Archbishop Jerome Listecki delivers the sermon at the Ash Wednesday Mass in the auditorium at Pius XI High School February 22, 2012.


Birthdays are a time of celebration, but also reflection. For Archbishop Jerome Listecki, his 70th birthday on March 12 is a poignant opportunity to both celebrate all he has accomplished in the Archdiocese of Milwaukee since his 2010 installation, and to take inventory of all he still hopes to achieve before his mandatory retirement in five years.

Looking back
“Anyone who knows me knows I have three priorities: Catholic identity, evangelization and stewardship,” said Archbishop Listecki. “Everything revolves around always asking: How are we furthering the Catholic identity? What are we doing to inform people about our presences and invite them into collaborative ministry? And how are we using our resources – time, talent, treasure?”

Archbishop Listecki carried these priorities with him as bishop of the Diocese of La Crosse, and he brought them to Milwaukee when he took the helm nine years ago. At the time, the archdiocese was facing its share of challenges, namely the moral and financial implications of mishandling sexual abuse claims made against clergy.

Instilling and ensuring trust has been a critical, and ongoing, process for Archbishop Listecki.

“One thing that I’ve learned that we have to do is constantly reinforce the trust that people place within us,” Archbishop Listecki said. “By that, I mean the clergy sexual abuse crisis will not suddenly disappear. As it emerges in different places, we have to come back to assure people that we’ve taken significant steps in order to address it. People need to feel safe within the context of the Church.”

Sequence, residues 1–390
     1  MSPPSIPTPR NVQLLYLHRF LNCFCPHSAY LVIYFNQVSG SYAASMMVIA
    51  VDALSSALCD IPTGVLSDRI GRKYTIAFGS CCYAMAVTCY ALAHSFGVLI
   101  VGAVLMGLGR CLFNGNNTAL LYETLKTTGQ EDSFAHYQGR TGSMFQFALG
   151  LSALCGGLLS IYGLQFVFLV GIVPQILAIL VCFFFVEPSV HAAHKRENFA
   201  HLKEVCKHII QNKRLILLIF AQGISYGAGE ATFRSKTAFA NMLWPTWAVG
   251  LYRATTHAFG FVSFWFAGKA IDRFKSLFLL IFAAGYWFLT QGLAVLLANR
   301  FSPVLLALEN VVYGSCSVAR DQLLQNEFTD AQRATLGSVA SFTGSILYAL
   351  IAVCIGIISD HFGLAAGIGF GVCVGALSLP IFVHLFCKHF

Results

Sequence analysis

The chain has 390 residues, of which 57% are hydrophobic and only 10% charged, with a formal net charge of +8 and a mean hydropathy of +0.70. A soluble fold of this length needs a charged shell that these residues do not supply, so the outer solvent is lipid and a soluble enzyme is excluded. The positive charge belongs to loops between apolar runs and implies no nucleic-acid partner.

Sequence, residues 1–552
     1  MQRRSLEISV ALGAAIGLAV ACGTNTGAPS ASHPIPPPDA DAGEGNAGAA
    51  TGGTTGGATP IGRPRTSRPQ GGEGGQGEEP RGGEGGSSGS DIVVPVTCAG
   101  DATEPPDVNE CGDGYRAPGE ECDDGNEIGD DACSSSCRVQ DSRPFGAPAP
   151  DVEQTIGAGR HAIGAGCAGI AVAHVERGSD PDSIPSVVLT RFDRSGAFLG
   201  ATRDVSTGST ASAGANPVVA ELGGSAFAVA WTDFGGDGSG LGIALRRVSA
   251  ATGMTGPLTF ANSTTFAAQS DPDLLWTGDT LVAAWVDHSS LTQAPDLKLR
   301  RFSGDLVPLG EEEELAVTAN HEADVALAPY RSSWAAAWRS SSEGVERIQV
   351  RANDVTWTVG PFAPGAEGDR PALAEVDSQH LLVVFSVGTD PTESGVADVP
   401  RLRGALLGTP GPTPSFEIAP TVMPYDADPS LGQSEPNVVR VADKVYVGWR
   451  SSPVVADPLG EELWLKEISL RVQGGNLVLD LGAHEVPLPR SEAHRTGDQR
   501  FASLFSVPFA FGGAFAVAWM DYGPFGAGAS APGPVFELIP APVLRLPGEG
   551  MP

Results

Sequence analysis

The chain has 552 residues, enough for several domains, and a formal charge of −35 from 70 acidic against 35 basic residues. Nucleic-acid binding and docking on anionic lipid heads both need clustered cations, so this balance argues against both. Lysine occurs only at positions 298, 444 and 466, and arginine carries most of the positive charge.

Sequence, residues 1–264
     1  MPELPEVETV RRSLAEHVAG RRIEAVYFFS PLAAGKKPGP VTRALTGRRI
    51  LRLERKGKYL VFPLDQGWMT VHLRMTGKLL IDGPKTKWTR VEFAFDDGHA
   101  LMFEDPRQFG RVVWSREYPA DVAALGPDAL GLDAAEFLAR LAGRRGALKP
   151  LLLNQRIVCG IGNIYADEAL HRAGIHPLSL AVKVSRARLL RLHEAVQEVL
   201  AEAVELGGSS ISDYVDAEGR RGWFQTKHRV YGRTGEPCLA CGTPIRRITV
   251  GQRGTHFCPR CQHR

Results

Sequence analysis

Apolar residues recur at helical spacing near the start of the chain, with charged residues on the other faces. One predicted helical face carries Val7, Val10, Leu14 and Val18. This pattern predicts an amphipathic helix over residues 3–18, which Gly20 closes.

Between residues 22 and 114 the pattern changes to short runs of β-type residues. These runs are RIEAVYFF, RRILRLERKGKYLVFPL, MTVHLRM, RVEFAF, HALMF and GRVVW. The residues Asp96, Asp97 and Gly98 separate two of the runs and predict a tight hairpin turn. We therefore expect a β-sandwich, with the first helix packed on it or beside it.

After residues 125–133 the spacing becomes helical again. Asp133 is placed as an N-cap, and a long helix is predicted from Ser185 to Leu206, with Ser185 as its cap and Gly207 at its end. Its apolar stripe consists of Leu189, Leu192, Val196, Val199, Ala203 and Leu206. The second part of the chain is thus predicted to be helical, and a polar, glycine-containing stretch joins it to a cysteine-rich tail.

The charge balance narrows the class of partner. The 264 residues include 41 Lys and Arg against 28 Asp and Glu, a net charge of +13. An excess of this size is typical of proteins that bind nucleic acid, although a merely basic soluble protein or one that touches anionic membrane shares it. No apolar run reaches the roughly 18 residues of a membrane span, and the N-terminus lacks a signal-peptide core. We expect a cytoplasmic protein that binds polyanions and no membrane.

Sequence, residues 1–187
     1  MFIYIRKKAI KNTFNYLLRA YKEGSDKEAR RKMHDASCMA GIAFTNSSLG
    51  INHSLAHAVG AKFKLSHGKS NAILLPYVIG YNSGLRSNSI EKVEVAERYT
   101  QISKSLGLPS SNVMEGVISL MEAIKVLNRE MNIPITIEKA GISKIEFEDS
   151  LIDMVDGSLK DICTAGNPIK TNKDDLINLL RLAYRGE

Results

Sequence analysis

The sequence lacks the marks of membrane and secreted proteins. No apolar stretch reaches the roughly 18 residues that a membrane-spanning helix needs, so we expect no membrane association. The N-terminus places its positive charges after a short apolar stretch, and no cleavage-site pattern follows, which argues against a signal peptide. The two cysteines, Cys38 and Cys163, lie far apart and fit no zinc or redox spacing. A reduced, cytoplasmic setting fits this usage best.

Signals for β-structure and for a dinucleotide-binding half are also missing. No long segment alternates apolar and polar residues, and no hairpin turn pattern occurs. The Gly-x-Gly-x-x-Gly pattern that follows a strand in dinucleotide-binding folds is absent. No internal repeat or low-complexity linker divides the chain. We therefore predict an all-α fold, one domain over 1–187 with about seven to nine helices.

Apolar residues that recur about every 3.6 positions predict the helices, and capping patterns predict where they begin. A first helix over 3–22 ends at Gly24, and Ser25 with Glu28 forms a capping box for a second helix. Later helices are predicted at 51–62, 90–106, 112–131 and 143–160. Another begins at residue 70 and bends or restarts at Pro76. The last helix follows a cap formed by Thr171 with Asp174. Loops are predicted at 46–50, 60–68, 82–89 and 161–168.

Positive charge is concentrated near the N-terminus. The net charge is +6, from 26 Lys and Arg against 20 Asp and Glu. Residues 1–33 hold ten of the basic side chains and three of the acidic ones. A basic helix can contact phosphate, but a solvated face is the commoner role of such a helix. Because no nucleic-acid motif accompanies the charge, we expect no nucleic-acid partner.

During his tenure, Archbishop Listecki led the Archdiocese of Milwaukee out of five and a half years of bankruptcy — but that doesn’t top of his list of achievements. A pin he often wears on the lapel of his priest coat, however, offers a hint as to which of his accomplishments he is most proud.

Five years ago – for the first time since 1986 – the Archdiocese of Milwaukee held a Synod. “And we did that Synod in the midst of the bankruptcy, so that even elevates it to another level,” Archbishop Listecki noted. The Synod pin Archbishop Listecki wears is a reminder of this milestone.

“I am a member of a number of groups and they all have pins,” Archbishop Listecki said. “This is the only pin I wear, and I wear it because I am very proud of what the archdiocese has accomplished and the many men and women who are dedicated to the Church.”

The archdiocesan Synod brought together people from the entire Catholic community, including priests, parish directors, deacons, parish staff members, lay parish leaders, parishioners and representatives of religious communities and lay groups to discuss archdiocesan and parish pastoral priorities for the Church of southeastern Wisconsin.

“For me, personally, the greatest accomplishment was the Synod — and the aftermath,” Archbishop Listecki said. “We established a group — the Archdiocesan Synod Implementation Commission (ASIC) – which took the priorities that came out of the Synod and looked at how to implement those priorities into a 10- and 15-year timeframe.”

Those priorities were the result of intense collaboration.

“It’s really through engaging with different communities that I could see what priorities needed to be accomplished,” said Archbishop Listecki.

Recognizing and empowering spiritual movements within the Church, as well as long-standing fraternal organizations was a key component of that engagement.